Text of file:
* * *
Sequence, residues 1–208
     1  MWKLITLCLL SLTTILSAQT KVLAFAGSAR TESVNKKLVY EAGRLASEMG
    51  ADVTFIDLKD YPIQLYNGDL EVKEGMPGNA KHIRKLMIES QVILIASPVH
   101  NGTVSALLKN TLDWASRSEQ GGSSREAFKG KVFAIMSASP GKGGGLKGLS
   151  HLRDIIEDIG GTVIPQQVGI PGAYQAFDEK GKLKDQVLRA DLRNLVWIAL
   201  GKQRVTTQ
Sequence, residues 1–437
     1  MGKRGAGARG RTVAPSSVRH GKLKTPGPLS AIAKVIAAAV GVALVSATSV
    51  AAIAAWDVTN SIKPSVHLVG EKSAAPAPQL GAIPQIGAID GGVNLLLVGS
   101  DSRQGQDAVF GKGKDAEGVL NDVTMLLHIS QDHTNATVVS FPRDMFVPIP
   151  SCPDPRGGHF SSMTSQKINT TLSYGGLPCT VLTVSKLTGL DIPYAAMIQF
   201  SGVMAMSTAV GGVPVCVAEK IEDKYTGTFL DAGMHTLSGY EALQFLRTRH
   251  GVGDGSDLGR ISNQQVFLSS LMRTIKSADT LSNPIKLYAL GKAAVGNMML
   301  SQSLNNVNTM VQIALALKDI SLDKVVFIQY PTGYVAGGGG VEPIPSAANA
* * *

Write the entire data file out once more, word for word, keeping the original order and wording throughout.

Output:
Sequence, residues 1–208
     1  MWKLITLCLL SLTTILSAQT KVLAFAGSAR TESVNKKLVY EAGRLASEMG
    51  ADVTFIDLKD YPIQLYNGDL EVKEGMPGNA KHIRKLMIES QVILIASPVH
   101  NGTVSALLKN TLDWASRSEQ GGSSREAFKG KVFAIMSASP GKGGGLKGLS
   151  HLRDIIEDIG GTVIPQQVGI PGAYQAFDEK GKLKDQVLRA DLRNLVWIAL
   201  GKQRVTTQ
Sequence, residues 1–437
     1  MGKRGAGARG RTVAPSSVRH GKLKTPGPLS AIAKVIAAAV GVALVSATSV
    51  AAIAAWDVTN SIKPSVHLVG EKSAAPAPQL GAIPQIGAID GGVNLLLVGS
   101  DSRQGQDAVF GKGKDAEGVL NDVTMLLHIS QDHTNATVVS FPRDMFVPIP
   151  SCPDPRGGHF SSMTSQKINT TLSYGGLPCT VLTVSKLTGL DIPYAAMIQF
   201  SGVMAMSTAV GGVPVCVAEK IEDKYTGTFL DAGMHTLSGY EALQFLRTRH
   251  GVGDGSDLGR ISNQQVFLSS LMRTIKSADT LSNPIKLYAL GKAAVGNMML
   301  SQSLNNVNTM VQIALALKDI SLDKVVFIQY PTGYVAGGGG VEPIPSAANA